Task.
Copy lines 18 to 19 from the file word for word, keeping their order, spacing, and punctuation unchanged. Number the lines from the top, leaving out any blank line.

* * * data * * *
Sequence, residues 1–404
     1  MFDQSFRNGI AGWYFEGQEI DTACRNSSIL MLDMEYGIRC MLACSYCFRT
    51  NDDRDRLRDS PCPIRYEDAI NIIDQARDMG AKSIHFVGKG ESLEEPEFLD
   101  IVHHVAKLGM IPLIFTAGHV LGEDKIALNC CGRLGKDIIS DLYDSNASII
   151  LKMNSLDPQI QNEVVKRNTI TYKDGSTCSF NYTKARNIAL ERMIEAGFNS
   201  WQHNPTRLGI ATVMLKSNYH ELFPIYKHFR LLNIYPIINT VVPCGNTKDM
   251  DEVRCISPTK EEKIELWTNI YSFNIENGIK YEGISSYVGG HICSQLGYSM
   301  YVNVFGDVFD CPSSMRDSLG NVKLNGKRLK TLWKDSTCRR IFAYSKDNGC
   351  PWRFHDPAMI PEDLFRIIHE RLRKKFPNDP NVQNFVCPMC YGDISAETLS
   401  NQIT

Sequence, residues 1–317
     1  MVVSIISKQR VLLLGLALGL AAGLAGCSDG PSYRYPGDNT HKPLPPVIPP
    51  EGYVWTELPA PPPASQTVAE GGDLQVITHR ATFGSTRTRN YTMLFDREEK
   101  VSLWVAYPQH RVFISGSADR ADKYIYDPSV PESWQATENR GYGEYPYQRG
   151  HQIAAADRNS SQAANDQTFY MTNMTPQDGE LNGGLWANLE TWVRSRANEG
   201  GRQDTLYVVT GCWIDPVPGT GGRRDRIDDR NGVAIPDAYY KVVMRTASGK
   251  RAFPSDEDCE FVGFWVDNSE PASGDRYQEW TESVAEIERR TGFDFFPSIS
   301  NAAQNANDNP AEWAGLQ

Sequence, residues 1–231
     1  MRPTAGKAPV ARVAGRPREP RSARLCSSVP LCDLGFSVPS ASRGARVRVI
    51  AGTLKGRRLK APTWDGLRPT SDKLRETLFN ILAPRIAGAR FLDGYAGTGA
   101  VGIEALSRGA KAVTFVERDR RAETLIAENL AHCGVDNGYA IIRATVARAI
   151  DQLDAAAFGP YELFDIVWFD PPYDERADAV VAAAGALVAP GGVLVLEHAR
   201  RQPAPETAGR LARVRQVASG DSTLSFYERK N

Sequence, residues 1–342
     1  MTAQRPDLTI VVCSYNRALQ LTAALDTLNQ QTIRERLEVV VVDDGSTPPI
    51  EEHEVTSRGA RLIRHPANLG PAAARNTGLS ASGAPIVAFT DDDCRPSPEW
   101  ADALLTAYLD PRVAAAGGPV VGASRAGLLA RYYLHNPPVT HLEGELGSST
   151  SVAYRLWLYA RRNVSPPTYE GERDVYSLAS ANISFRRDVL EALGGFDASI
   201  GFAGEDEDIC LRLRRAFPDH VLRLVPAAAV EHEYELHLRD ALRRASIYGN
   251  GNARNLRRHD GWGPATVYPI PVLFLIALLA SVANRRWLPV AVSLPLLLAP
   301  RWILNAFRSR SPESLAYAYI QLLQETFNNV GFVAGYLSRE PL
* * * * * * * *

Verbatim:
   301  NAAQNANDNP AEWAGLQ

Sequence, residues 1–231